NEIGHBORS OF THE HEART Many people responded to the interview on NPR a few months ago, when a woman from Wales described eloquently-truly-the suffering that hoof and mouth disease had wreaked on her 100+ dairy cows and on her family. The woman's young daughter had named each cow, herself. Each cow was known. Each evening, one particular cow had come to kiss the woman good night before she turned off the light in the barn. There was nowhere her little girl-all little girls and boys in Wales-could have gone to escape the gunfire, to escape the burning. I tracked down the woman's address on the Internet, then wrote to her. I said I had no idea what to say that could ease her and her family but wanted them to be aware that far across the world, someone they did not know, personally, was thinking of and praying for them and for their cows. The note I received back was heartening. The family had received many letters, the woman wrote. Each had meant much.
CLOSER TO HOME: A couple I didn't know personally who are parents to a NEIGHBORCARE signee in Massachusetts offered to take me in while I was in Boston for one of our children's surgery AND a lovely young woman from Northfield, MN I met on a bus said she'd help out if someone needed a hand near Minneapolis AND a friend I hadn't seen for years said to me (in a grocery aisle in Portland) she'd be glad to be a NEIGHBORCARE contact in Alna (ME). Know anyone anywhere who would like to do the same? We'd be happy to send along brochure and newsletters.
A QUALITY WEBSITE Go to http://yourturnnpr.org , scroll down to End of Life Stories. Click to read 492 end of life stories.
FROM THE KITCHEN for a tasty and healthful salad dressing (and 'drizzle' for tortilla filling) try blending flaxseed oil, balsamic vinegar, black pepper, garlic, and honey.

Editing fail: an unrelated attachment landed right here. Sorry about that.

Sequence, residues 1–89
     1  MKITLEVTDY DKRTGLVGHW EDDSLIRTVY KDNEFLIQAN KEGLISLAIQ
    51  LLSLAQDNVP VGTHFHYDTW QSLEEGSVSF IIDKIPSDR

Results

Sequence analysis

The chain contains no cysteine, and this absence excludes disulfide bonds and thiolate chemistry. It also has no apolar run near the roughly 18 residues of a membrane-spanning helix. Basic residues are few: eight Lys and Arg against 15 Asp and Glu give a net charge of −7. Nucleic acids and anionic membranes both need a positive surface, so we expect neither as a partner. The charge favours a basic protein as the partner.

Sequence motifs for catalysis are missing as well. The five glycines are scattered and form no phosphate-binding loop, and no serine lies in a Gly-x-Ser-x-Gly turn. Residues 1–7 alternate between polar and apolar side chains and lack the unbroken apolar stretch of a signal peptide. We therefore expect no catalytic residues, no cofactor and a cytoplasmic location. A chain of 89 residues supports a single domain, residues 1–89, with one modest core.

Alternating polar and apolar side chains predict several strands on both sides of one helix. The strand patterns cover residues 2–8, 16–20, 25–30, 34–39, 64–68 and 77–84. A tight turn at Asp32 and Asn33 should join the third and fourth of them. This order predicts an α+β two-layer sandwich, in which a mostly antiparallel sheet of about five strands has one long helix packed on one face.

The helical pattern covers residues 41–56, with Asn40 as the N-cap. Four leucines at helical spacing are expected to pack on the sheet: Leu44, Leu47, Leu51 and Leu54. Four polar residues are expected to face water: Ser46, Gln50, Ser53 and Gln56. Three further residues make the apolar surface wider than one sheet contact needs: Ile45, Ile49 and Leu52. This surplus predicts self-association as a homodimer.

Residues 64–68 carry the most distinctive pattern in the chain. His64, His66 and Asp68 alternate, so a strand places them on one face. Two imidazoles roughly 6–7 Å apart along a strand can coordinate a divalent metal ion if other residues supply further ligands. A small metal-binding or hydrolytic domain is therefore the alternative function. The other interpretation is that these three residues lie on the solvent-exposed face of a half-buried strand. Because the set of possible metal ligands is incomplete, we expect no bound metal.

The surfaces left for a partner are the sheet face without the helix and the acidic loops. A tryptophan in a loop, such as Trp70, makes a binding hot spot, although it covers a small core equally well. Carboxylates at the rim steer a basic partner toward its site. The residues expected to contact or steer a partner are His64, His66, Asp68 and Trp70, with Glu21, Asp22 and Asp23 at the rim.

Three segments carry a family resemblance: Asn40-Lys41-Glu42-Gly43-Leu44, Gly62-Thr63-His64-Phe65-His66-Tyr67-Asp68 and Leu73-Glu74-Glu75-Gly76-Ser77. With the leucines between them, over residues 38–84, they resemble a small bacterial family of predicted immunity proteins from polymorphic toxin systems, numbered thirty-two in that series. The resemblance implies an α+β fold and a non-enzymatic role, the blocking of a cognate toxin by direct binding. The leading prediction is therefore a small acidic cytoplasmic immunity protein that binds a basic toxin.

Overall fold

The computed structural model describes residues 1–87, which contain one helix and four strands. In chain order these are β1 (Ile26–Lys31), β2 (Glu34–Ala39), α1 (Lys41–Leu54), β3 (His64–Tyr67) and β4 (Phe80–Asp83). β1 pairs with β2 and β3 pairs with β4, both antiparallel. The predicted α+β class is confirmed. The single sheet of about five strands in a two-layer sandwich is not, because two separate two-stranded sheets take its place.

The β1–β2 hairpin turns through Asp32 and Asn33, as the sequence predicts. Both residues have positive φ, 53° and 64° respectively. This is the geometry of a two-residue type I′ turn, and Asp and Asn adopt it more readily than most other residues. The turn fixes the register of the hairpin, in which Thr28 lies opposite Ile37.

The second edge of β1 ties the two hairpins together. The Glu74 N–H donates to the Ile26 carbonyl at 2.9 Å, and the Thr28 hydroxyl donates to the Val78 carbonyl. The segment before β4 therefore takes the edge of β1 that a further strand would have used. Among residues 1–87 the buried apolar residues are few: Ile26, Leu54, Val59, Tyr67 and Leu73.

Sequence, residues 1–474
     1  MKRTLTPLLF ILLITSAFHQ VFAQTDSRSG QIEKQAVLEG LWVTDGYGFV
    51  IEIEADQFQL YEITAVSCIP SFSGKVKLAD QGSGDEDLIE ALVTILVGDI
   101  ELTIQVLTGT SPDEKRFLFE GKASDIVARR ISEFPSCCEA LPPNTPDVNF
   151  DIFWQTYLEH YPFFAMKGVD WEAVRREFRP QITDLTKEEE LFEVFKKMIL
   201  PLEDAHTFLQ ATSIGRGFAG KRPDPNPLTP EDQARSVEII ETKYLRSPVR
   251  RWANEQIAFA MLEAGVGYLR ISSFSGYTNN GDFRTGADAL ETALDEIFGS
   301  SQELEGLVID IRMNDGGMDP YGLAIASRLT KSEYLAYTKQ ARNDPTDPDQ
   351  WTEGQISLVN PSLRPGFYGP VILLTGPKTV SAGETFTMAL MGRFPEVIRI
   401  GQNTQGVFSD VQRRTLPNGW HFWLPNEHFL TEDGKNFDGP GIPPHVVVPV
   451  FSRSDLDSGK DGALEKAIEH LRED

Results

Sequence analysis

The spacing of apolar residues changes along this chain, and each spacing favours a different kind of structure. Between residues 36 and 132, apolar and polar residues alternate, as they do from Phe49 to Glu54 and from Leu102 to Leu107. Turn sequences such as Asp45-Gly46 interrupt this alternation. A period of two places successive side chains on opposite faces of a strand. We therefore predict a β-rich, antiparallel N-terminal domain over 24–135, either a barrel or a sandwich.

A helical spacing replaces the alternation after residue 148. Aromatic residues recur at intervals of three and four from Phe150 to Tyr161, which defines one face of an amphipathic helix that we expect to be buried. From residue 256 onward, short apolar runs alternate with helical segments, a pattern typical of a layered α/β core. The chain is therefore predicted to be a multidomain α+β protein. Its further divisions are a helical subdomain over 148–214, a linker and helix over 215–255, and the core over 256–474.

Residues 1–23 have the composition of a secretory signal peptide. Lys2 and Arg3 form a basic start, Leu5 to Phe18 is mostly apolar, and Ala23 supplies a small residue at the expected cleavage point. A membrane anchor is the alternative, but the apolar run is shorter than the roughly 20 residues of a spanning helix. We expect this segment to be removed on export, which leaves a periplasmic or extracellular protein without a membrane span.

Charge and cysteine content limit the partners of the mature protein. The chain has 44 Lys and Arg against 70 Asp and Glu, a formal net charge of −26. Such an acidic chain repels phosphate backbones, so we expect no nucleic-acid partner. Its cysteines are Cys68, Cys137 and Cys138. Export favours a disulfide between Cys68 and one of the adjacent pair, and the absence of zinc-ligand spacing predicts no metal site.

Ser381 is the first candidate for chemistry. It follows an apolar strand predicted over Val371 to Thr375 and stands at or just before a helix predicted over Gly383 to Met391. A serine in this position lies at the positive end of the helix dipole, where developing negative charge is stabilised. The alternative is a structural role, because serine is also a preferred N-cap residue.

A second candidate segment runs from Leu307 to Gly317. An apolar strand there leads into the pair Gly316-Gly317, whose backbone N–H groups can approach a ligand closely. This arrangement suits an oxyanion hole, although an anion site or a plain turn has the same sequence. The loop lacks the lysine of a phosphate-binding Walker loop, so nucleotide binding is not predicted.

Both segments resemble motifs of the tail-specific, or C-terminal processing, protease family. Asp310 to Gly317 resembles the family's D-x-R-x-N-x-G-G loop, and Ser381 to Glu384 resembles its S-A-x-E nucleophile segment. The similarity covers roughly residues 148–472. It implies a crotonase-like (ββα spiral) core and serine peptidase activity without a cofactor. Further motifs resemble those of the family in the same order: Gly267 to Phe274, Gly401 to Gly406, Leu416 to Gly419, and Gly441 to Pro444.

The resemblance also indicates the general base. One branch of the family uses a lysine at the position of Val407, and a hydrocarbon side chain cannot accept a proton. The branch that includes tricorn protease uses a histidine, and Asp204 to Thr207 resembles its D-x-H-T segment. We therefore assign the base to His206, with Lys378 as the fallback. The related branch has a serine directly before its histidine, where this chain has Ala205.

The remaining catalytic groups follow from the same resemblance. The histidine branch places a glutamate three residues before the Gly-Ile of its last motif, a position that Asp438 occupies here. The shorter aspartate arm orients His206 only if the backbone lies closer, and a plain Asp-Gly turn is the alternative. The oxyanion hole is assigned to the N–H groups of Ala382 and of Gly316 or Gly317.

FOR PONDERING On his way to church, a scholar was surprised to see a man in tattered clothes and barefoot.
Nevertheless, as a good Christian, he greeted the poor man: "May God give you a good morning!"
The poor man replied cheerfully, "I have never yet had a bad morning."
"Then may God give you good luck!"
"I have never yet had bad luck."
"Well, may God give you happiness!"
"I have never yet been unhappy."
The scholar then asked the man, "Could you you please explain yourself to me? I do not understand."
And the poor man replied, "With pleasure! You wish me a good morning, yet I have never had a bad morning. For when I am hungry, I praise God; when I feel cold, or when it is raining or snowing, I praise God; and that is why I have never had a bad morning. You wish that God may give me luck. However, I have never had bad luck. This is because I live with God and always feel what he does for me is the best. Whatever God sends me, be it pleasant or unpleasant, I accept with a grateful heart. That is why I have never had bad luck. Finally, you wish that God should make me happy. But I have never been unhappy. For all I desire is to follow God's will; I have surrendered my will so totally to God's will that, whatever God wants, that is what I also want.
"That is why I have never been unhappy."
- Meister Eckhart
TIP When sautłeing vegetables for soup, ease your cleanup by forgoing the frying pan; instead, sautłe the vegetables in the pot you're making the soup in.
"Be kind, for everyone you meet is fighting a hard battle."
LIVING QUESTIONS "If I am not for myself, who will be for me? But if I am for myself only, what am I? And if not now, when?"
A SUMMERTIME GIFT Each day we're on the road for this reason and that, captured by, I hope—not oblivious to—the glory that graces us at every turn. At the same time, those we serve recently may have lost their driving privileges—or the person with whom, for fifty years, they've cherished the beauty all around. What a gift, simply to give someone a ride these bright days, accompanied by some warm talk (recommended for sweltering days as well as frigid ones)—and maybe an ice cream cone! (A NEIGHBORCARE friend who now lives in a residential living center still talks of the time, years ago, we shared a snack together at the park in Blue Hill, one summer's day.)
"[T]he loving presence does not burden us equally with all things, but considerately puts upon each of us just a few central tasks as emphatic responsibilities. For each of us, these special undertakings are our share in the joyous burden of love."
Blessings all around you, this summer and in every season,